In the last post we examined how to use Lean Startup practices. We assumed a mailbox based banking product, and it looked not to be enough of an innovation to succeed. And that Google's Pony Express has somewhat a similar idea. (It is not public so we do not know exactly).
Additionally we claimed that you might have the wrong approach, if your front-end solely consist of backlogs owned by PO (Product Owner in Agile methodology). So even if you fulfill agile methodologies by using a PO and backlog, you might have missed it.
Let's go forward in our thinking and examine these further.
Our textbooks have taught us that the road to success is to fulfill customers either known (or at the time un-known, latent) needs with our product. But who is my customer?
Lack of customer focus is offered as a reason for Nokia (mobile) downfall in many articles written on the topic. But one could argue that Nokia did focus on customers. And it did. It had hundreds if not few thousands of operator requirements fullfilled in Symbian SW. Remember at that time the phone business was such that in order to get into subsidized operator sales channel the operator technical team was the gatekeeper. You fulfill our reqs, and you get into the sales channel.
Right, but the requirements were the operator technical team's small changes to Nokia's requirement set, not the holistic user experience that the end user wants. What Apple did was not to mind any of those and they by-passed the operator channel completely. Because the opinion of the operators was not seen important. Looking the results one might argue that Apple selected customer that was "more right".
So how should I approach this?
Let's remember here the Geoffrey Moore's technology adaptation life-cycle (you can google it) defines the user segments as:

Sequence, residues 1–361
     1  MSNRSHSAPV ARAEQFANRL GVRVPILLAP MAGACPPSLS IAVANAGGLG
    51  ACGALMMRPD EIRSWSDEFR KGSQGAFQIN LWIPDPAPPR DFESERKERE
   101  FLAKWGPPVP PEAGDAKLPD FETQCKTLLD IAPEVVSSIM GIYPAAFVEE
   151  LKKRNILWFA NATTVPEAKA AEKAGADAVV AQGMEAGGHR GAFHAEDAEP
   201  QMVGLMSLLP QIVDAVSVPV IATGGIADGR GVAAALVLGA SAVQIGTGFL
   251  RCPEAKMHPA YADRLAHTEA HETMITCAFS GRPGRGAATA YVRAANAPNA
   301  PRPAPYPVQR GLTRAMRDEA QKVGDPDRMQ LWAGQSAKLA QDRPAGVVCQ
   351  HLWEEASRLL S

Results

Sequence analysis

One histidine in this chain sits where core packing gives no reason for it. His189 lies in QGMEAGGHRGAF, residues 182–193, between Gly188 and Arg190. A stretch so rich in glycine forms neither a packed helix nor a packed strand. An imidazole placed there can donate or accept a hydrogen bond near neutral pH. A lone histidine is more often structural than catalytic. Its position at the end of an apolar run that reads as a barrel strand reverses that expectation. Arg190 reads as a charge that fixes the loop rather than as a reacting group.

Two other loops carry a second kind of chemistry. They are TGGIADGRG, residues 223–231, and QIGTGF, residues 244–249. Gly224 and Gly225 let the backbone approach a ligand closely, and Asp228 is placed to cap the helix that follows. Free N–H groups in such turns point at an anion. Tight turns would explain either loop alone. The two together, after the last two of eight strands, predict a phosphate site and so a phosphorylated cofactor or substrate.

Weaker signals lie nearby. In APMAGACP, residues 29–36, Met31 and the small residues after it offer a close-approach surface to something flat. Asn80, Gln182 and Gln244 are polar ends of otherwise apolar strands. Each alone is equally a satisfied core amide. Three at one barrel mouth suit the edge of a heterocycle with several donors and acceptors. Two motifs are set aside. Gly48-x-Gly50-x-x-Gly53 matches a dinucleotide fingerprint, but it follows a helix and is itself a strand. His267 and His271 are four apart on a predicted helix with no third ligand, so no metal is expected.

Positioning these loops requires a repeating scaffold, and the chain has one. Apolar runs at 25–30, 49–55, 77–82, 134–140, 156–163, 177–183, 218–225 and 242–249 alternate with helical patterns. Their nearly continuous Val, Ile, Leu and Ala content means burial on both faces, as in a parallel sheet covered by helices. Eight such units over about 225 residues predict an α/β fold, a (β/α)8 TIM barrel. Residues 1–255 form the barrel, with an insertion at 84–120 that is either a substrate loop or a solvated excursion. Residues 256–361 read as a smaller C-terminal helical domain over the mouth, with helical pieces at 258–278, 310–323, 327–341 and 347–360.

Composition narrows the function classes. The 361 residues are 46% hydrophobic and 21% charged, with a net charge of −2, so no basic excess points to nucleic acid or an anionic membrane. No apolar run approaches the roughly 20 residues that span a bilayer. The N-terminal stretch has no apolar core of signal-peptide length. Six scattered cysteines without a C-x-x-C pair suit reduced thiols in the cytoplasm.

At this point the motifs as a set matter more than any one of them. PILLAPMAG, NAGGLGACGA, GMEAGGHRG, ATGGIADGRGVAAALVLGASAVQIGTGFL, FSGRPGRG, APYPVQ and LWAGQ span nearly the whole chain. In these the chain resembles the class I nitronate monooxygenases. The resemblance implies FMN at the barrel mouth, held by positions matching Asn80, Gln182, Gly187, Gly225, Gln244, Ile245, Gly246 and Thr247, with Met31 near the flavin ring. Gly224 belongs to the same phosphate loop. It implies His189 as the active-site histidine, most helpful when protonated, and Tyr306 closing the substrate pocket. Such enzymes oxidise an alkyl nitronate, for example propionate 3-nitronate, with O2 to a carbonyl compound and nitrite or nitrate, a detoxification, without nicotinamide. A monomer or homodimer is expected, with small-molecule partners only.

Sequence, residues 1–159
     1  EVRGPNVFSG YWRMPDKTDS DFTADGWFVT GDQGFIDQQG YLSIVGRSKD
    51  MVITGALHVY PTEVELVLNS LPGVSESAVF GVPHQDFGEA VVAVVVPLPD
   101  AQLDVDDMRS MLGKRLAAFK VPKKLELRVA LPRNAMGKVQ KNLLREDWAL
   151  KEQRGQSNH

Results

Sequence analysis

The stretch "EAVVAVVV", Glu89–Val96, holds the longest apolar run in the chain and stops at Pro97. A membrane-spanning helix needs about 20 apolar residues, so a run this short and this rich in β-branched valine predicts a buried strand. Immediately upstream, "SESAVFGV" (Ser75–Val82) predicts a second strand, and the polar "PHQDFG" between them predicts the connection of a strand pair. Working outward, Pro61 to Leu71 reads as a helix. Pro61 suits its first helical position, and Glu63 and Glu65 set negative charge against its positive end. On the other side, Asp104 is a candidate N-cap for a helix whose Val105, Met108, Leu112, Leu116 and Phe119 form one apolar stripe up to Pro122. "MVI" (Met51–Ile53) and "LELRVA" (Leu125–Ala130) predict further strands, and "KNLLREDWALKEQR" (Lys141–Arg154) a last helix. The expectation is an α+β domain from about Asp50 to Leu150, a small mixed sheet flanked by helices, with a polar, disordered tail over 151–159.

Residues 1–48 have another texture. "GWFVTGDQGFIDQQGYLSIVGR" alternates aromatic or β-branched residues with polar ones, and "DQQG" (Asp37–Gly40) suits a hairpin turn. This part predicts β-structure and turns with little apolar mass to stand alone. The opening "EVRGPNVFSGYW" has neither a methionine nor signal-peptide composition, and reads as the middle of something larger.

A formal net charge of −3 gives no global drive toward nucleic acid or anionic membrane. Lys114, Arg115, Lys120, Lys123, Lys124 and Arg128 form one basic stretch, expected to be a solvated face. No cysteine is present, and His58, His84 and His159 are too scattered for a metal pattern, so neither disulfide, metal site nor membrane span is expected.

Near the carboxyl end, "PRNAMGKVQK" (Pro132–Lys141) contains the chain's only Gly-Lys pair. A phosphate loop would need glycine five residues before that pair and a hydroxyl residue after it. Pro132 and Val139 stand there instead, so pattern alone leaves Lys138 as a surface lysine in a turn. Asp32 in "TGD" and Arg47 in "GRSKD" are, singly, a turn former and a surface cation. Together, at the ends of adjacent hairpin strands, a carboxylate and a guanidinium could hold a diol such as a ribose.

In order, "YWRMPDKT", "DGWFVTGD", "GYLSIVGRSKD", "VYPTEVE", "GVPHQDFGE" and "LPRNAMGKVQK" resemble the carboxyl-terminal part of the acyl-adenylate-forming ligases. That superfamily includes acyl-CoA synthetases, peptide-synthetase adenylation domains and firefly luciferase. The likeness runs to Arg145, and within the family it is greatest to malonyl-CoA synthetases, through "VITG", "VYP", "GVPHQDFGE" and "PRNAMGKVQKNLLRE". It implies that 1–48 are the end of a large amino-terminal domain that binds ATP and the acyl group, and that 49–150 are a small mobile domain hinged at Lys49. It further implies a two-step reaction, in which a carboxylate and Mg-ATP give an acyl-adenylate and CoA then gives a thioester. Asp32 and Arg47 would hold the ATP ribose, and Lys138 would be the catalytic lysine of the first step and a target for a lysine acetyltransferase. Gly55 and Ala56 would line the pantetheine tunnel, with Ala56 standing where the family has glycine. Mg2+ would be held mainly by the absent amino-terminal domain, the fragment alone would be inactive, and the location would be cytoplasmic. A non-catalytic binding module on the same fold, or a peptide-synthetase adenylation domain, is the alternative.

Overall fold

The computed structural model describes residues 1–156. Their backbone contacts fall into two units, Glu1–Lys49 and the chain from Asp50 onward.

- Techies - just try it
- Visionaries - the lead users
- Pragmatics - follow the herd
- Conservatives - use only proven things
- Skeptics - no I do not believe in it
You can keep these as your default user classes. You and your PO should use them as to understand your customer and what would be your targets. Now often the technology apps and innovations are directed to techies, but be aware that if you have difficulties in expanding your user base, you might target the wrong segment and needs.
Let's come back to this email based banking example. It is perfect for Google, they like owning your mailbox. It adds stickiness into their email and extends it to new business areas. But you should think it other way around. How to find a banking solution for the visionaries and pragmatics, which you want to target as they are a large potential user base. Everyone in that segment has a smartphone, or at least a camera in the phone. So you should test a banking app where you take few pictures on the bill you should pay, and the app has magic image processing technology which combines the pictures in a one clear shot, and sends that into the bank to be paid. Could be useful?
Is that a killer app? We do not know. Make a Lean Startup MVP (Minimum Viable Product) to test your idea. MVP is to be used to see if your idea flies. The MVP does not need to work, but it is more for validating our grand idea here above. And if some aspect needs to be changed, you can test it again in a cheap and quick way.
Once you know you customer and have validated you visions with them you are in the clear and can start the more traditional product development cycle.
It is not always obvious - Let's be careful out there!